Here on this blog we’ve mentioned many times that the people that do the best in retirement are the ones that start saving early. The same thing could definitely be said when it comes to saving for your child’s college tuition. The simple fact is that the earlier you start socking away money to pay for college the more you’re going to have when they finally get there.
If you’re the parent of a young child and you’re wondering what to do and where to start, you are certainly not alone. When you consider that the cost of going to even a local college can be upwards of $8000 a year you realize that paying for college is not something you’ll be able to do with your regular paycheck.
Here’s the good news though. Even if you don’t earn a lot of money it doesn’t take a lot of money to fund your child’s college. For example, if you put $50 a month aside from the time that your child is born and you invest it somewhere that it can receive a 7% return, by the time your son or daughter is 17 you’ll have $20,000. Put $200 a month in the bank and that number increases to a significant $80,000, enough to pay for a pretty darn good school.
Of course the trick is finding something that will give you a 7% return. There are a number of options that you have and we’re going to take a look at a few of them right now.
Similar to a 401(k) or an individual retirement account, a 529 College Savings Plan will allow you to save money for your child’s education through a moderate variety of tax-free investment options. The good thing about a 529 College Savings Plan is that it’s usually handled automatically (direct deposit), there are a few restrictions and it will not impact financial aid. There are sometimes other tax breaks as well. These funds are restricted to higher education however and can go up and down with the stock market. There are also some enrollment and maintenance fees.
U.S. Treasury bonds are savings bonds that are issued and insured by the federal government and also they are exempt from all state and local taxes. These have quite a bit less risk than anything tied to the stock market and they are in general relatively inexpensive. They come with a number of tax advantages if they are used for college tuition and your family is under the income limits. They do have a penalty if you withdraw the funds early however and it’s unlikely that they will be able to keep up with the rising cost of tuition.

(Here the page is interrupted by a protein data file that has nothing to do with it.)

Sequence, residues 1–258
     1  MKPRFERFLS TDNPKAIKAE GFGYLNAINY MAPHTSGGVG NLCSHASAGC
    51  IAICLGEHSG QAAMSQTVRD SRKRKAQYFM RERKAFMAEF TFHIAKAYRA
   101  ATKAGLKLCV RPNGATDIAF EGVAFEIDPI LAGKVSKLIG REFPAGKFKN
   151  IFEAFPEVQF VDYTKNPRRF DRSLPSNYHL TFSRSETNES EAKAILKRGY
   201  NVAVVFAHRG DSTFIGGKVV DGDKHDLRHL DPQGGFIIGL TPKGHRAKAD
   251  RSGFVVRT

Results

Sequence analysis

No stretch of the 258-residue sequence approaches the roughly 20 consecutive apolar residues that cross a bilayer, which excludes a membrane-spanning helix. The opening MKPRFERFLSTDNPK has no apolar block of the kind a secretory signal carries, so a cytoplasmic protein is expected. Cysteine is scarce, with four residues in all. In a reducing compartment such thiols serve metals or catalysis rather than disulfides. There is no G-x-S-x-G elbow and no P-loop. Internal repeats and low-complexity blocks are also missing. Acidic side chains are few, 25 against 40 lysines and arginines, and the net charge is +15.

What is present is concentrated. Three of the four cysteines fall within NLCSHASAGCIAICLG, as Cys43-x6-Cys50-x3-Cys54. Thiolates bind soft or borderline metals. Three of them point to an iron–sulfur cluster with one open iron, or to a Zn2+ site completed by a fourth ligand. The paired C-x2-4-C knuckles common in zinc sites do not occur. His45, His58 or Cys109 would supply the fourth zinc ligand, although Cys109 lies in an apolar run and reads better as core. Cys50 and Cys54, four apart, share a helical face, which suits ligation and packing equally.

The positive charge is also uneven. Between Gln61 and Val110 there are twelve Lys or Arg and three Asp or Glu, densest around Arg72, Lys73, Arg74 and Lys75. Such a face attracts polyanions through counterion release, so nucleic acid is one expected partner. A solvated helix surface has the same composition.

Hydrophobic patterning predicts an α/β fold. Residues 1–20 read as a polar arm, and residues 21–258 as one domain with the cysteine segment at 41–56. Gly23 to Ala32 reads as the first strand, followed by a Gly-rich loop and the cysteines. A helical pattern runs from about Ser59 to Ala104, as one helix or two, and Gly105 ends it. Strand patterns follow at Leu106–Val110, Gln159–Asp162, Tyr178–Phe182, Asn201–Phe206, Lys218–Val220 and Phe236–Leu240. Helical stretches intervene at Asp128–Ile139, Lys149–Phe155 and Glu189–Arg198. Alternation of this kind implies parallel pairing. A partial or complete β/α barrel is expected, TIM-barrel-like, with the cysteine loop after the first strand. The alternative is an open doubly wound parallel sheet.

A Custodial Account is an account that can be opened at a bank, a mutual fund firm or a brokerage. This account is then managed by an adult for their minor child who is under the age of 18. This kind of account is good for a number of options including paying for college, paying to go to a summer camp or even paying for a new automobile and, since it’s tied to the child’s Social Security number, it has a number of tax advantages as well. On the downside, it’s also risky because it’s tied in with securities and, once the child reaches adulthood, the amount is automatically transferred to them. (This can be good or bad depending on the child.)
Lastly there is the Coverdell Education Savings Account, a tax-free account that can be created for the purpose of paying for education expenses. These also come with contribution and distribution limitations. The best thing about these is that growth and withdrawals are not taxed, there’s a bit more control over how the money is invested and its use is not confined to paying for college. There’s a contribution cap of $2000 per child however and a number of qualifications that need to be met, as well as the fact that contributions can only be made until the child’s 18th birthday.
No matter which of these college savings programs or plans that you decide to use, the one point that should be stressed above all others is the need to start saving as early as possible. The earlier you start saving, the more money your child will have two blow at college on keg parties and beer bongs. Pardon us, we meant studying, working hard and making their parents proud.
Just make sure you start saving as early as possible. Best of luck.